Nanoparticle-host interactions in natural systems

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Metal nanoparticles in two dimensions

A classical example of two-dimensional nanoparticles or two-dimensional nanoparticle-host interactions is the adsorption of metallic clusters, which are often not more than one atomic layer high, on atomically flat mineral surfaces. An obvious choice of such a mineral surface is molybdenite (MoS2), which has perfect cleavage along the (001) plane. Thus, in order to understand the adsorption mechanism of metal atoms and clusters especially to semiconducting surfaces, the vapour phase adsorption and subsequent surface diffusion of Ag, Au, and Cu on the (001) molybdenite surface were studied as a model system (Becker et al., 2003). The size, thickness, and surface diffusion of the metal clusters can be observed, at the atomic scale, using scanning tunnelling microscopy (STM). The adsorption energy, partial electron transfer as a result of polarization, the stability of the adsorbates as a function of size, and spin ordering are evaluated using a combination of quantum-mechanical and empirical force-field calculations. Finally, the nature of the bond between the metal and sulphide surface is further investigated using ultraviolet electron spectroscopy (UPS) and scanning tunnelling spectroscopy (STS).

Geologic, experimental and computational background

Sulphide minerals are one of the most important mineral groups for the adsorption of heavy and noble metal atoms and ions (Gervilla et al., 1998; Wareham et al., 1998; Watanabe et al., 1998). Within this context, it is important to understand whether the association of certain adsorbates with specific mineral surfaces is due to a favourable adsorption mechanism (e.g., strong binding energy) or is mainly influenced by the co-existence of certain metal-sulphide combinations in certain geochemical conditions.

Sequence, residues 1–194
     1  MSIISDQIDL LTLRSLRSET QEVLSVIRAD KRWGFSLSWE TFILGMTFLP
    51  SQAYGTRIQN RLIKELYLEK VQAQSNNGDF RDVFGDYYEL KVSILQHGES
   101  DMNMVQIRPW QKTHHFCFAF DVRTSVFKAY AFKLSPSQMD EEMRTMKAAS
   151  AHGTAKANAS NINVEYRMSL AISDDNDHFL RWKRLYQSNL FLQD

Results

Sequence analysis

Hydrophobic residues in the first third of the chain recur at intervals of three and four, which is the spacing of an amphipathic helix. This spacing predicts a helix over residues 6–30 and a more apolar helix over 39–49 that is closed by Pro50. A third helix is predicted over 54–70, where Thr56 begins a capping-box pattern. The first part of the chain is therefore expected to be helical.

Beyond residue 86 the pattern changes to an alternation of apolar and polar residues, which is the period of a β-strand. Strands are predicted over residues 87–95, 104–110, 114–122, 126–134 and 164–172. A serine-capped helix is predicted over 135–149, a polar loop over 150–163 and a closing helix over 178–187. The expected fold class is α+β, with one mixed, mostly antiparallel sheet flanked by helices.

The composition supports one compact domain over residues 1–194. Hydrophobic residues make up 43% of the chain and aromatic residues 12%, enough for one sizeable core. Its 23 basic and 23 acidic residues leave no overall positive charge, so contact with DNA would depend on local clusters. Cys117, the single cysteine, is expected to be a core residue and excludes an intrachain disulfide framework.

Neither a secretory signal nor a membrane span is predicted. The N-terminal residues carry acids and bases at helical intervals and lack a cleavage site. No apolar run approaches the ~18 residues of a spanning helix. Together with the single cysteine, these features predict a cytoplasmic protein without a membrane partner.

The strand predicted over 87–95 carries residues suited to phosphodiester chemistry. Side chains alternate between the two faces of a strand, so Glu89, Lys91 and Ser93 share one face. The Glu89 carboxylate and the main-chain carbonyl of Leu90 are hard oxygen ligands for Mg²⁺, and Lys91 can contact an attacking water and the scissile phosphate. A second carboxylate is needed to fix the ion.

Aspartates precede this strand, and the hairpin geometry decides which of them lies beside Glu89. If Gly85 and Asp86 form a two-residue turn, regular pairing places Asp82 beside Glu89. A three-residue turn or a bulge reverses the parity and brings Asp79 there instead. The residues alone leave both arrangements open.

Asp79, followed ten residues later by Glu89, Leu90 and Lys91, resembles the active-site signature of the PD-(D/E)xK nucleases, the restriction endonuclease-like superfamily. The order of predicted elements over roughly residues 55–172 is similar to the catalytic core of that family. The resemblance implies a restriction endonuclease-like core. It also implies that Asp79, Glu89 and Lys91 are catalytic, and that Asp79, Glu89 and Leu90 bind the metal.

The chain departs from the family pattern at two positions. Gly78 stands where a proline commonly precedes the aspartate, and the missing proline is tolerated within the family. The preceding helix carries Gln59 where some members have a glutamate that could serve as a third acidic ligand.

Even though MoS2 is apparently only of minor importance for noble metal adsorption in nature (Grenne et al., 1999; Lexa et al., 1999; Maloof et al., 2001; Sotnikov et al., 2001), MoS2 (001) is an excellent model surface for several reasons. Pristine, atomically flat surfaces that are relatively inert can be easily prepared which circumvents problems that may arise from the regular influx of contamination or from complicated surface nanotopography. These properties, when combined with its high electrical conductivity, allow for excellent imaging conditions of both the surface and of adsorbates at the atomic scale using STM (Manivannan et al., 1994; Miyake et al., 1994). Finally, the surface structure serves as an excellent model substrate to understand the packing structure, wetting behaviour, effects of strain arising from lattice mismatch, and diffusion of deposited metals on a hexagonal lattice during the initial stages of heteroepitaxial overlayer growth. In addition, it can be studied how a metal with a cubic bulk structure changes its electronic structure when forming an approximately epitaxial interface with a hexagonal surface.

Besides STM, ultraviolet photoelectron spectra (UPS) of the substrate, the bulk metal, and the combination of substrate and adsorbate can be used to help understand changes in the electron density of states during the adsorption process. Computer simulations elucidate which states are involved in the metal-mineral bonding and the charge transfer processes. Experiments performed in ultra-high vacuum (UHV) significantly reduce the effects of unknown contaminants and isolate fundamental metal mineral interactions. Quantum-mechanical calculations can also be applied to explain the UPS observations. In addition, they improve the derivation of specific and more accurate empirical interatomic force-field potentials. The empirical methods reduce the computational burden of calculations on larger systems. For instance for the calculation of Ag islands, the combined unit cell of molybdenite and silver has to be large enough to host the Ag cluster with a significant space around it such that different Ag clusters do not interact with each other. Then the adsorption energetics can be calculated and the structural relationship between substrate and adsorbate.

By using such a model setup, it is possible to develop the tools to study the structure, electronics, and thermodynamics that can be used for other systems involving different noble and heavy metals and other, especially semiconducting, surfaces. This further allows improved analysis of what metal-sulphur associations are due to the surface properties, chemical, or other environmental parameters.
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